Cumulus cells of atretic or empty follicles were excluded from the study. The 90 female subjects were divided into 3 groups according to age:
i. Group A: female partner ≤ 27 y (30 cases)
ii. Group B: female partner 28-34 y (30 cases)
iii. Group C: female partner ≥ 35 y (30 cases). The main outcome measure was the high quality embryos. The secondary outcome measures were the relation between Incidence of cumulus cells apoptosis and age, number and quality of oocytes and fertilization rate.

Assessment of Apoptosis in Cumulus Cells

In the retrieved oocytes cumulus cells were stained to detect apoptosis, we used the Mito Capture Mitochondrial Apoptosis Detection Fluor metric Kit (Bio Vision Incorporated, 155 S. Milpitas Boulevard, Milpitas, CA 95035 USA).Disruption of the mitochondrial transmembrane potential is one of the earliest intracellular events that occur following induction of apoptosis. The Mito Capture Apoptosis Detection Kit provides a simple, fluorescent-based method for distinguishing between healthy and apoptotic cells by detecting the changes in the mitochondrial transmembrane potential. The kit utilizes Mito-Capture TM, a cationic dye that fluoresces differently in healthy vs apoptotic cells. In healthy cells, Mito Capture accumulates and aggregates in the mitochondria, giving off a bright red fluorescence. In apoptotic cells, Mito Capture cannot aggregate in the mitochondria due to the altered mitochondrial transmembrane potential, and thus it remains in the cytoplasm in its monomer form, fluorescing green. The fluorescent signals were easily detected by fluorescence microscopy using a band-pass filter (detects FITC and rhodamine) (Table 2 and Figure 2&3).

Figure 2: Immuno-fluorescent micrograph shows cumulus cells of group B. Apoptotic cumulus cells show green fluorescence (white arrows); whereas normal cells appear reddish color (blue arrow). (Magnification x 10) stained with Mitochondrial Apoptosis Detection Fluor metric Kit (Bio Vision).

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Figure 3: Immuno-fluorescent micrograph shows cumulus cells of group C. Apoptotic cumulus cells show green fluorescence (white arrows); whereas normal cells appear reddish color (blue arrow). (Magnification x 10) stained with Mitochondrial Apoptosis Detection Fluor metric Kit (Bio Vision).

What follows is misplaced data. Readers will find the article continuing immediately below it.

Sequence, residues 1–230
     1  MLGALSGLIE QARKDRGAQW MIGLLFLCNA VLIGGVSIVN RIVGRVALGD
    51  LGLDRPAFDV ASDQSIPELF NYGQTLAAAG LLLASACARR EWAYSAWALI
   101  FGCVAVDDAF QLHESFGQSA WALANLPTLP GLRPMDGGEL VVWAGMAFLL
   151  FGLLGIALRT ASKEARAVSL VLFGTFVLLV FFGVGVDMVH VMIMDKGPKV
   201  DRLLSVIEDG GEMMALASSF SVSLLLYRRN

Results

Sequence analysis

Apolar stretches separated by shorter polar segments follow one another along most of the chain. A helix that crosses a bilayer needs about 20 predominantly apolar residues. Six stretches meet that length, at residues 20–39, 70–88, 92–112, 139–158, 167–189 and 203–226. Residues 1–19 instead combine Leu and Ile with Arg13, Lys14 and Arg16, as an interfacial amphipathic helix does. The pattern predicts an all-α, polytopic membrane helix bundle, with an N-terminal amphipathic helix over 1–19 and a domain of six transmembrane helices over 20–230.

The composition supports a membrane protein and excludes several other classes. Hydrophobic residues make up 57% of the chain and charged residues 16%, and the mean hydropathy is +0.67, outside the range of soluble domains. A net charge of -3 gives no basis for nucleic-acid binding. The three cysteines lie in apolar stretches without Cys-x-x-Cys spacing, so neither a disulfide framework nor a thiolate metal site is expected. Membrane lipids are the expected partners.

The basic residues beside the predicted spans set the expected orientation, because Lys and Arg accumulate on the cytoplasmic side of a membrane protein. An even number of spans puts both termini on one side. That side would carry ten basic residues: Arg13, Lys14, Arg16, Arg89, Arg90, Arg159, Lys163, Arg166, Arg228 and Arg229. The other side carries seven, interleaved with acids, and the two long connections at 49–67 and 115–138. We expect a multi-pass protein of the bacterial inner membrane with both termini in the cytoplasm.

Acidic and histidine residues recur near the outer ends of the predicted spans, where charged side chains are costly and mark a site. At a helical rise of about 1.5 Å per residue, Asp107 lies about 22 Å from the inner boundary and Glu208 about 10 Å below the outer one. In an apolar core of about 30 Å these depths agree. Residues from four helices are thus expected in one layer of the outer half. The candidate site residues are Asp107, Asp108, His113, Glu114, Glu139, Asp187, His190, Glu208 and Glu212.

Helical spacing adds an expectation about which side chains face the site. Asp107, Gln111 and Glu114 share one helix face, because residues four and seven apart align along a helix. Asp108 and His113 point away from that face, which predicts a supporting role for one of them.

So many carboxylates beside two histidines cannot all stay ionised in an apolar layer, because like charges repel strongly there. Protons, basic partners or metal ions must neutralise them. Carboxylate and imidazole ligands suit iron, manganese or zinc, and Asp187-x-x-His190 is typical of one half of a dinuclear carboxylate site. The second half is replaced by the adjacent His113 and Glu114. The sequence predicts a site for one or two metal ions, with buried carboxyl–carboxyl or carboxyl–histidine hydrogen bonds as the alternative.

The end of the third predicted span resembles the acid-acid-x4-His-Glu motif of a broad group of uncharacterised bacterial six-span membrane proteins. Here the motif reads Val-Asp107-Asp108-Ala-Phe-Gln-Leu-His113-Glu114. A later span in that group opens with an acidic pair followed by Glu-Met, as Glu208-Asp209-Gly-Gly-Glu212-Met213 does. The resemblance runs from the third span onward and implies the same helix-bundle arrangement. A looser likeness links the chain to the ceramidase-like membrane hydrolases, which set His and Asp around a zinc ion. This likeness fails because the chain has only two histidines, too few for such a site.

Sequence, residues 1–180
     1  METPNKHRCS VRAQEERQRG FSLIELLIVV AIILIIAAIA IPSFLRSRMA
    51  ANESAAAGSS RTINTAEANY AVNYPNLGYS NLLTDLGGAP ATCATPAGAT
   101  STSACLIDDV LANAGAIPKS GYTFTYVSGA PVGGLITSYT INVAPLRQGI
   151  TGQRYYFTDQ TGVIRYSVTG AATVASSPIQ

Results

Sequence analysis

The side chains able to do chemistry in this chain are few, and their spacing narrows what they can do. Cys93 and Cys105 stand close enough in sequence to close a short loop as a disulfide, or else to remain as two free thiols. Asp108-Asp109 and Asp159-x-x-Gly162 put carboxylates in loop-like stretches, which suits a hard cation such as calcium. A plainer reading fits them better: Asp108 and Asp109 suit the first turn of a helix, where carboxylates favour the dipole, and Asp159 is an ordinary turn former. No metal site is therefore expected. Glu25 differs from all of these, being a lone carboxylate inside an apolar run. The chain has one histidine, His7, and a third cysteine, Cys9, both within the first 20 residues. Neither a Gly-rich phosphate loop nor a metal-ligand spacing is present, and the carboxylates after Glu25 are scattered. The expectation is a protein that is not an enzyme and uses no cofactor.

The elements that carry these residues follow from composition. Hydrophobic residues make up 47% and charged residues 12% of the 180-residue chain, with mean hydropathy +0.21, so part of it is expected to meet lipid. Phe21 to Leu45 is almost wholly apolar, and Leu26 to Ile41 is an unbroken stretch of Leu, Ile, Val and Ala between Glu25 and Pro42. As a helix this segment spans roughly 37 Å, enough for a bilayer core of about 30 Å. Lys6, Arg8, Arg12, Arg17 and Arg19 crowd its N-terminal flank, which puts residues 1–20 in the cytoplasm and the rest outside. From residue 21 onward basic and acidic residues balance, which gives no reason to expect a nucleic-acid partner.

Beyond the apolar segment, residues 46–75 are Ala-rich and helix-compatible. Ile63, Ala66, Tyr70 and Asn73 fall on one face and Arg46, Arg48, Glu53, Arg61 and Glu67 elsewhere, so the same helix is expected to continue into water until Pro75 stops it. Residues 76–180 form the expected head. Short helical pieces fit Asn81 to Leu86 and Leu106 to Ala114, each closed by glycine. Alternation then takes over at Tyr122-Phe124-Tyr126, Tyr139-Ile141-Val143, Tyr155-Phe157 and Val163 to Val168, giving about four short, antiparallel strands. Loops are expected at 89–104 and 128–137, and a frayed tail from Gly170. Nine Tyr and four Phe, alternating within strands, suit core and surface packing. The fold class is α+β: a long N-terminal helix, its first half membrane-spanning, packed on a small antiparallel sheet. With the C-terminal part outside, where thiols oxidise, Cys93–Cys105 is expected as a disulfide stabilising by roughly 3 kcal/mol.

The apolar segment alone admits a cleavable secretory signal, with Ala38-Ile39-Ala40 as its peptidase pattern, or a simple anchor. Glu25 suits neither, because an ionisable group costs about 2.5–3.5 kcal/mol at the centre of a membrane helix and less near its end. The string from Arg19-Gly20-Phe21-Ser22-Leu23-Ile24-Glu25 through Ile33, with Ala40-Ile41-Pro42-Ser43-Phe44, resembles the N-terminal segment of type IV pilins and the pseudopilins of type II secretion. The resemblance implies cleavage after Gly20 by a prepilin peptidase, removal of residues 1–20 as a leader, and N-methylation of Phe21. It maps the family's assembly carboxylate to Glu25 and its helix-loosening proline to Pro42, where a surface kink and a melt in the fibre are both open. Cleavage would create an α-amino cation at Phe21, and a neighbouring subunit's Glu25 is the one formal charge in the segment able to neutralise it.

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Table 2: Relation between Incidences of Cumulus Cells Apoptosis & Fertilization Rate%.

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Discussion

The meiotic arrest of oocytes is regulated by cyclic adenosine monophosphate (cAMP), which is produced by cumulus cells. There is an intimate relation between a cumulus cell syncytium in conjunction with the oocyte involving large gap junctions. The gap junctions open and the large molecules move freely between the cumulus cells through the zona pellucida into the oocyte when stimulated with FSH, and before LH peak [7]. Because of the different physiologic effect of hormones on apoptosis, i.e. stimulatory (androgens, GnRH, or GnRH analogues) and inhibitory (E2, FSH, LH and hCG) effects, the results of many studies evaluating the correlation between the levels of apoptosis in granulosa and cumulus cells in relation to age and ICSI outcomes are contradictory [8-11]. Also this difference in study results may be attributed to the different methods of measuring apoptosis like Comet assay, flow cytometry, Hoestcht, Apodkit staining, or TUNEL assay that may have been used. The origin of cumulus cells either from the pool of collected follicles or from individual follicle may also affect results [12]. The incidence of apoptosis in CC is increasing with increased age and its relation to poor oocyte quality was reported in many studies [4,13]. On contrary to these results ,another studies reported no relation between the age of the subjects and apoptotic level in cumulus cells [14-16]. In this study, there was no concomitant relation observed between the number of oocytes retrieved and the incidence of cumulus cell apoptosis. If an oocyte falls to atresia, it might disappear during follicular development. As a result, cumulus cells are not collected from Oocyte-cumulus complexes (OCC) of atretic follicles at oocyte retrieval. Thus, the incidence of apoptosis of cumulus cells is not associated with the reduction of oocyte number resulting from follicular atresia. The same result was reported by many studies that revealed that no correlation observed between the number of oocytes retrieved (more or less than five) and level of cumulus cell apoptosis [14,15]. With different results, a study by Nakahara, et al. 1997 reported a relationship between the numbers of oocytes retrieved and the incidence of ovarian cells apoptosis [17]? They argued that the incidence of granulosa cell apoptosis was increased as the number of retrieved oocytes decreases. This decreased oocyte number was related to the increased number of empty follicles resulting from the apoptosis in granulosa cells during follicular development.